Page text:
“He walked up,” recalled Joanne Townsend, who, along with Dandridge and others on the block, was sitting outside when the violence occurred. “Two minutes later, we heard the shots.”
Spirit of youth
Warthen, who worked with the Juvenile Law Center’s advocacy program Juveniles for Justice, had recently been nominated for the 2012 Coalition for Juvenile Justice’s Spirit of Youth Award, given each year to a young adult with a childhood criminal record who has overcome personal obstacles to make a positive impact.
Staff members of the Juvenile Law Center, where Warthen mentored other youth twice a week, were distraught to hear of his passing, calling him one of their “most passionate and dedicated” participants. “He was our star and he definitely overcame a lot to
be here,” said program facilitator Jessica Sones, who said that Warthen
has been with Juveniles for Justice since he was a member of its first cohort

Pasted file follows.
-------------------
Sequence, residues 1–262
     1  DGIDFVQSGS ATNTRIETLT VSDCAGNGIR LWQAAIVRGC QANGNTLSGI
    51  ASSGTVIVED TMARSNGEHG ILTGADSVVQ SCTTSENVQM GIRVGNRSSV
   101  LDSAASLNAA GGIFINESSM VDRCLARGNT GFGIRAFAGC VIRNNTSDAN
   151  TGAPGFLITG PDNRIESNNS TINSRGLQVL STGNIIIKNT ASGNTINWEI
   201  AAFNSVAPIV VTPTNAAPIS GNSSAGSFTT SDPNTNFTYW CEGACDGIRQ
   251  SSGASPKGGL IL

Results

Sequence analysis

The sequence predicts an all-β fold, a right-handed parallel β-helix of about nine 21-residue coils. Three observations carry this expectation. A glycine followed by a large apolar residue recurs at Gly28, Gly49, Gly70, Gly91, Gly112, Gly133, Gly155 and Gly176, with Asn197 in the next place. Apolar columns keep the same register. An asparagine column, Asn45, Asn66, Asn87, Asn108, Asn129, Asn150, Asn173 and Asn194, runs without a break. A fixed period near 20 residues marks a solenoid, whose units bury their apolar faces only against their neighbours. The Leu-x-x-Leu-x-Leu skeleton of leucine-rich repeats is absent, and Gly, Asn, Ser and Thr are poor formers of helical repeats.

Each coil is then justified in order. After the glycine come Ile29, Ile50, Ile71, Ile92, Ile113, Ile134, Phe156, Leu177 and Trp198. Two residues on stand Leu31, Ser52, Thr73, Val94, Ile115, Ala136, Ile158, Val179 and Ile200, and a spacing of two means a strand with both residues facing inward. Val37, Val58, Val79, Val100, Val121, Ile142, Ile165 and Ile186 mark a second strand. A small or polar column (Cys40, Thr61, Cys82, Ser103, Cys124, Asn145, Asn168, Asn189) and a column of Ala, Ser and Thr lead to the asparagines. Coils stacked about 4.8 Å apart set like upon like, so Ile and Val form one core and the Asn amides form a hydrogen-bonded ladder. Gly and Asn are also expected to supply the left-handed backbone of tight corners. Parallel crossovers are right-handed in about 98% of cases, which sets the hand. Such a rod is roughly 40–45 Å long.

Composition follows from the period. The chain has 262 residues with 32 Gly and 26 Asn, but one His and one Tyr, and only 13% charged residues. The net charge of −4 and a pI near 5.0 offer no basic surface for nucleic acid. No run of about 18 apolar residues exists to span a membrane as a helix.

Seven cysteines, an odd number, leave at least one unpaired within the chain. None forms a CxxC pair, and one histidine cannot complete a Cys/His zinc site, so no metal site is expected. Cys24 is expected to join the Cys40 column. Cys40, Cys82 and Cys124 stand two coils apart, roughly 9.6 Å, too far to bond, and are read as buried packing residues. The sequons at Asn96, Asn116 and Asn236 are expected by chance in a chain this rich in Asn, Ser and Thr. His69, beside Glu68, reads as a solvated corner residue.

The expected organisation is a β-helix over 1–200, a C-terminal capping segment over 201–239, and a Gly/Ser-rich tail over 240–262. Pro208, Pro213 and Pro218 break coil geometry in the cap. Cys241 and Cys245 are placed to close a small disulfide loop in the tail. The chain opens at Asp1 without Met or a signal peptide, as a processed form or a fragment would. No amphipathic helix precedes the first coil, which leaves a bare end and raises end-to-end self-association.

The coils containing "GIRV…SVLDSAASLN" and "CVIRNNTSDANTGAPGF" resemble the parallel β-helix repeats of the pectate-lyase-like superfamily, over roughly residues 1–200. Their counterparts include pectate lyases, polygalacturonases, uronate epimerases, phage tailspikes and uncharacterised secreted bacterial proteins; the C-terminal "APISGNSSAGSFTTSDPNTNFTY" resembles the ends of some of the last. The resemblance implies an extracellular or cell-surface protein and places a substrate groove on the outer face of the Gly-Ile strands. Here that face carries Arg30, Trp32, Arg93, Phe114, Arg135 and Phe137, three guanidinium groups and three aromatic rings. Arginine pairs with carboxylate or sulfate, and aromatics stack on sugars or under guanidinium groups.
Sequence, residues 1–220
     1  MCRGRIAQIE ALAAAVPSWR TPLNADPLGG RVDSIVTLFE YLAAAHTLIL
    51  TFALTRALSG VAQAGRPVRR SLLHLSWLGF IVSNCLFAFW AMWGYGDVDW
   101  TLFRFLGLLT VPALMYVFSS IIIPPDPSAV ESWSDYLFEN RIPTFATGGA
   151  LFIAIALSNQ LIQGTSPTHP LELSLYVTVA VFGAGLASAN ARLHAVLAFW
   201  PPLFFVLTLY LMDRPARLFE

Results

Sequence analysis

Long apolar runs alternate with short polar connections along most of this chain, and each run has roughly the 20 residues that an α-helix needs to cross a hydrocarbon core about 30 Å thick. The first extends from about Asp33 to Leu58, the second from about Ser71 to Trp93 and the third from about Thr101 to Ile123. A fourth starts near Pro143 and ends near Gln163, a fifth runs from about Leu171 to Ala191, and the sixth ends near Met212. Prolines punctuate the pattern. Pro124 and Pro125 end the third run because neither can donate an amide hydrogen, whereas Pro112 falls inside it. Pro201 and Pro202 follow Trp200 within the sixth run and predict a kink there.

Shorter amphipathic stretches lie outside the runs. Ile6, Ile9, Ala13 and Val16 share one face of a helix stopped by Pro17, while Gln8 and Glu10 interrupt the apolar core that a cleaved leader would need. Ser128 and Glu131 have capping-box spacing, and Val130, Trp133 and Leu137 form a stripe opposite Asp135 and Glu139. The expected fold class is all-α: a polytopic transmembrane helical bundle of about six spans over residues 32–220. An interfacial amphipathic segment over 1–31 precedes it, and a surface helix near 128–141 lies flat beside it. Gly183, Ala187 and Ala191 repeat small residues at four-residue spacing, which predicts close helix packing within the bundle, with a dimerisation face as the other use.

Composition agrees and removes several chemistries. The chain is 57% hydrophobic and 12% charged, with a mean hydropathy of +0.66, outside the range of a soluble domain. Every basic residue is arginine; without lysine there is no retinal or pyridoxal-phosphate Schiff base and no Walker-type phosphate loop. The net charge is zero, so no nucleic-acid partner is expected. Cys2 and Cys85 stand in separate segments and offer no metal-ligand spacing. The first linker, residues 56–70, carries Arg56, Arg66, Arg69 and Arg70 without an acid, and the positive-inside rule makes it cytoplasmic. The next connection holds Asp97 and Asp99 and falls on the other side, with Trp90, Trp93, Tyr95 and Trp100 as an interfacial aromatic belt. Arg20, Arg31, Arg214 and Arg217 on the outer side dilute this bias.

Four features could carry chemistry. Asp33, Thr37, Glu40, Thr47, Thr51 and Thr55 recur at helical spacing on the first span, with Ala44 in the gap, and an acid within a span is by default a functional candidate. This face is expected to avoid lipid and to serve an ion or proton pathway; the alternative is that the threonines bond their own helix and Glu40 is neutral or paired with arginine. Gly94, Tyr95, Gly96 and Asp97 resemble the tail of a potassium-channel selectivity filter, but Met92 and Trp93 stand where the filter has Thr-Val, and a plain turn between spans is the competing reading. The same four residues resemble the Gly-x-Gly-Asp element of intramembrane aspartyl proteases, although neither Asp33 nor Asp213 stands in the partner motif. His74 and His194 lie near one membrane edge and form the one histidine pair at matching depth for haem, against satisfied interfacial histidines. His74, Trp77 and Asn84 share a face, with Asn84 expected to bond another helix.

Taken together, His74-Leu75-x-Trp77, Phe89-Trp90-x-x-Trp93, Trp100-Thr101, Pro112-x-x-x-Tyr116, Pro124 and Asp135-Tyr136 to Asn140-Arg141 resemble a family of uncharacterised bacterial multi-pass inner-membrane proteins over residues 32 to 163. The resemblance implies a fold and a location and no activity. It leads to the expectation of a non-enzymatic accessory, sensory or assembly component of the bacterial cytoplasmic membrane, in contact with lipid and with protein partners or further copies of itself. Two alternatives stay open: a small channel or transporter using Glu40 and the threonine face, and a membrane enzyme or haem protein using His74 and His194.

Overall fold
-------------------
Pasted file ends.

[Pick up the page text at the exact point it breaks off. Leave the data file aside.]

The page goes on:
four years ago.
He appeared with the group before the U.S. Senate in 2008 to urge
them to pass the Juvenile Justice and Delinquency Prevention Act, which
is currently before Congress for reauthorization. There, he spoke about
the about the excessive use of force by juvenile detention staff during
physical restraints and implored that limits be put on the practice.
Over the past four years, he also met with congressional staffers and
with local and state policymakers to push for reforms and presented at
the National Conference of State Legislatures and to law students at the